Ken Wilber is one of the most known and respected American writers and thinkers of the 21th century. He usually writes about psychology, ecology, and philosophy. His works are both appreciated and criticized by lots of people. His ideas become crucially important and exciting for further human development and improvement.
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One of the core works by Wilber is AQAL (All Quadrants All Levels), also known as a theory of four quadrants. According to this theory, there are “four quadrants’ of existence: intentional, behavioral, cultural, and social.” (Wilber, 1997)
Without any doubts, the diagram, Wilber presented in 1997, is impressive, and it explains a lot to people either scientists and philosopher or ordinary people.
However, during deep research and analysis, it is noticeable that Wilber’s four quadrants theory has several inconsistencies within levels and even quadrants themselves; the writer has not taken into consideration the religious aspects and the ideas of racial inequality, which are so burning nowadays.
According to Kim Wilber’s theory, there are four major levels, which our life consists of. Each level occupies its own corner: Upper Left – intentional level; Upper Right – behavioral level; Lower Left – cultural level; Lower Right – social level.
Each quadrant has something in common with another quadrant. For example, Right Hand quadrants are connected to the empirical level, and Left Hand are more about theoretical one.
Even if Wilber mentions that all people are different, and each detail of the diagram may cause certain controversies, it is rather strange that he does not mention the role of God in this “life scheme”. There are people who believe in God, and those, who deny God’s existence.
This is why such criterion as belief in God plays an important role and influence lots spheres of life. Wilber underlines that his model of four quadrants is a result of the extensive data search and analysis. If it is true, then why does he ignore such fact as belief in God?
This is one of the brightest remarks to a perfect model of human’s existence. Such omission calls numerous discontents and criticism from different sides. The article by Andrew P. Smith may serve as a good example.
Another issue that has not been mentioned in the quadrants by Wilber is the idea of multiculturalism. Cultural diversities, racial inequality, and ethnicity turn out to be burning problems in modern society. Business, education, and even entertainment are based on these inequalities.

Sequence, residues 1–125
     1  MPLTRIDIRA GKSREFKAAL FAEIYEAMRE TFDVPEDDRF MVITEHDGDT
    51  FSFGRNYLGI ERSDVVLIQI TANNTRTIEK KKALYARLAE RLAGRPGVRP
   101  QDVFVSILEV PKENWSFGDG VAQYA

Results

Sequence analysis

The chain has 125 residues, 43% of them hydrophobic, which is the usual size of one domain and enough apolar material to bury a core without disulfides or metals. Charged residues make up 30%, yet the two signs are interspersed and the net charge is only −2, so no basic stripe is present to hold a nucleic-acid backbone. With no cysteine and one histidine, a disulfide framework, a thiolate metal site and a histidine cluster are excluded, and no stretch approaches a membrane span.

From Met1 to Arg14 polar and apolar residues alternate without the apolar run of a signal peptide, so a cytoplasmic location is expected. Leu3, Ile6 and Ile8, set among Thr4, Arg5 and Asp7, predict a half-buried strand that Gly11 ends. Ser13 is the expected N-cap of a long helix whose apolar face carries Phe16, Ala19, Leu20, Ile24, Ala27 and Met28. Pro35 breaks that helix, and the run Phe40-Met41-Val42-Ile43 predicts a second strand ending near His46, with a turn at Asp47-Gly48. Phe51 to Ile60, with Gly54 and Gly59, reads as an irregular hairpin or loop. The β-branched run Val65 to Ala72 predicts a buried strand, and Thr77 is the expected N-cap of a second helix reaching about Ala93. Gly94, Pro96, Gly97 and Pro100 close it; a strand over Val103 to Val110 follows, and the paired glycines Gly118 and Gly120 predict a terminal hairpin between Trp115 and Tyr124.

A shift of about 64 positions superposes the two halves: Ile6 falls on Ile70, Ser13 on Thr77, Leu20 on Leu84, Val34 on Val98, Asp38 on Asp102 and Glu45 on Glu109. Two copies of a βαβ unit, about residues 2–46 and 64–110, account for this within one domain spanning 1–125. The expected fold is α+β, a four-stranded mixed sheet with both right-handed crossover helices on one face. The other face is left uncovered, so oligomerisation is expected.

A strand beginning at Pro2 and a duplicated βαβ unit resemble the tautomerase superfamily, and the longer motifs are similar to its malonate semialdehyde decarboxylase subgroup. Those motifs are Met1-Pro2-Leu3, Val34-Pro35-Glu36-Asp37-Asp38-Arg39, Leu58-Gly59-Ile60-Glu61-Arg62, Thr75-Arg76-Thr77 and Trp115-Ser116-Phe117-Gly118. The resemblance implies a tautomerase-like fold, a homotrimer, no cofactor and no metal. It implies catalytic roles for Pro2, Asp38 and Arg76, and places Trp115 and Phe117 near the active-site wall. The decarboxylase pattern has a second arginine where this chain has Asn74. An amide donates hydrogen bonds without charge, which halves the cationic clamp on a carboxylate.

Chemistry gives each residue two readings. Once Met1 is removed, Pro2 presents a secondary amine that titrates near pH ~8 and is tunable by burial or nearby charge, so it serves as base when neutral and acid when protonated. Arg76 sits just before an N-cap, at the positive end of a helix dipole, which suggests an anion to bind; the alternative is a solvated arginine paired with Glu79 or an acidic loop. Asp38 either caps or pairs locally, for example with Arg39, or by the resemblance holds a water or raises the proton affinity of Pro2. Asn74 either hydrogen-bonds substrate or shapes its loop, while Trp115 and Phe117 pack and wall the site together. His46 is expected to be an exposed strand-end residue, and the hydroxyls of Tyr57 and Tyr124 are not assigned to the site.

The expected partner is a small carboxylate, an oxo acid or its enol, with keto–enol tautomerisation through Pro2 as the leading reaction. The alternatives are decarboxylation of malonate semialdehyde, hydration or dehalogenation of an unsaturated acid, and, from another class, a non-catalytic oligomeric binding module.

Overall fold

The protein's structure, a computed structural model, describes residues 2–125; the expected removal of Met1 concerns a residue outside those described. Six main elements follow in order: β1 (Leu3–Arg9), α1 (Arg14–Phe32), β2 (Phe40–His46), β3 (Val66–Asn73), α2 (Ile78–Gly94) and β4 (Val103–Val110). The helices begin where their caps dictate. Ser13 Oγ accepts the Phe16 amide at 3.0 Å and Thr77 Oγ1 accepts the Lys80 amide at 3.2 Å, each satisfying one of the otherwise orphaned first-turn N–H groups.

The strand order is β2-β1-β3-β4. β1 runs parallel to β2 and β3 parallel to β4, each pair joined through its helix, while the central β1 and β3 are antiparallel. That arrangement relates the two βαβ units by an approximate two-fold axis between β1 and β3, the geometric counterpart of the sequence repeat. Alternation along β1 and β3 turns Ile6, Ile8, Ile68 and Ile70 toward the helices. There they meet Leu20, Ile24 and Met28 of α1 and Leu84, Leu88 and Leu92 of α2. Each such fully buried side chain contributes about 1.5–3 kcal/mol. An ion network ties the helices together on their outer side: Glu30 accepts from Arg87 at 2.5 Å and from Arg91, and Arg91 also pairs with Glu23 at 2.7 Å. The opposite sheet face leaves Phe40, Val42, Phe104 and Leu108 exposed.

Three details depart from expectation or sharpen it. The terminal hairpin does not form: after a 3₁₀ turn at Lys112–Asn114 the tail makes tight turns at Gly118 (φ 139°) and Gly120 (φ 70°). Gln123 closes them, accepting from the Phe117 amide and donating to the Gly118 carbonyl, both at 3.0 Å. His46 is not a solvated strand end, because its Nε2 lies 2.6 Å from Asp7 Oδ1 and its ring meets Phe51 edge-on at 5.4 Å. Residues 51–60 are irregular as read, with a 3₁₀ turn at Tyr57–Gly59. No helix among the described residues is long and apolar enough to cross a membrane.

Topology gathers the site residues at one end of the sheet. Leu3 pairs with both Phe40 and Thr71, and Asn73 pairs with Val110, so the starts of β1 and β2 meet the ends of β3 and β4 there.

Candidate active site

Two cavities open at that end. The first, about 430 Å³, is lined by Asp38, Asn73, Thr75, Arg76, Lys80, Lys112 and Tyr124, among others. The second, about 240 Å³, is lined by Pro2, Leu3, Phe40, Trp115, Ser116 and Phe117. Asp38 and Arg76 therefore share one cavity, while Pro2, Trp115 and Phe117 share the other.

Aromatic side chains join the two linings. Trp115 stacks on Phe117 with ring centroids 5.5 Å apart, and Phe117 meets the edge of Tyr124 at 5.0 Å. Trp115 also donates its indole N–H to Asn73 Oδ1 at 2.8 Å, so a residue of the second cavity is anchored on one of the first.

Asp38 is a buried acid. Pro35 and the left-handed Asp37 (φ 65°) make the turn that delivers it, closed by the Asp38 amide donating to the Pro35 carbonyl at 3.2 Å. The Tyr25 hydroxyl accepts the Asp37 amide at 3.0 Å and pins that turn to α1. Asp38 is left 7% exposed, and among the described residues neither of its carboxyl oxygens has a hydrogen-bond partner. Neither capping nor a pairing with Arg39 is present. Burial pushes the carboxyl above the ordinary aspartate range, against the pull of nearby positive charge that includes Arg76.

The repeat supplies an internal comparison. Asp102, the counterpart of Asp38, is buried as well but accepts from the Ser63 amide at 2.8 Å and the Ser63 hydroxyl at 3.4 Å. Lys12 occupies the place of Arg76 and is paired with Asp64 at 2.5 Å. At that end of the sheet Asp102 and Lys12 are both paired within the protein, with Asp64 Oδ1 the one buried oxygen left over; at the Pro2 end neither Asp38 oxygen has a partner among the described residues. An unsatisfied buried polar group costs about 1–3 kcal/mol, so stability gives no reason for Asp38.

If it is so pronounced, why does Wilber not mention this very issue as well in his work? He says that this diagram and the theory is “nonetheless enough to indicate the broad contours of the methodology of an integral theory of consciousness, and that it sufficiently indicates the inadequacy of any less comprehensive approaches” (Wilber, 1997)
However, such theory of consciousness cannot but rely on ethnical and racial ideas. The point that a person belongs to a separate class and ethnicity is explained every child, who has an ability to comprehend the reality. It is necessary to know own roots and past, and without these ethnical issues, comprehension cannot be complete.
One more point that causes certain misunderstandings is the following. Wilber points out that each holon in his diagram is a constituent of the previous one, and each quadrant its own beginning. However, lots of historians and writers support the idea that our world and the life of every human being have one common beginning.
According to the scheme presented by Ken Wilber, there is no concrete beginning. Each level has its own start (intentional level – prehension, behavioral level – atoms, cultural level – physical-pleromatic, social level – galaxies). His idea that “a whole that is simultaneously part of some other whole” (Wilber, 1997) is not perfect.
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For example, he put prehension as a fundament for other intentional issues, such as sensation. It means that sensation should contain prehension.
However, people may feel something (sensation) without certain comprehension of what it is (prehension), so, it goes against Wilber’s idea. Such factor as personal abilities and physical condition has been taken into account as well.
Ken Wilber is considered to be one of the most interesting and influential writers in the field of psychology and spirituality. His theory of AQAL, the four quadrants, deserves special attention.
In spite of the fact that Wilber admits that this “approach is the minimum degree of sophistication that we need into order to secure anything resembling a genuinely integral theory of consciousness” (Wilber, 1997), lots of people criticize his ideas and find strong evidences.
His omission of religious factors, which play a crucial role in modern society, his neglect of ethnical issues, and possible controversy to personal ideas – all this proves once again that it is impossible to present our life according to certain, concrete frames and make a person follow these standards.
Each quadrant-level of existence contains important information concerning consciousness that should be rather interesting for humans. It is not obligatory to follow the scheme described by Wilber, but it is possible to take these approaches into account and try analyze this life and its sense.
Wilber, K. (1997, February). An Integral Theory of Consciousness. Journal of Consciousness Studies,4 (1), 71-92.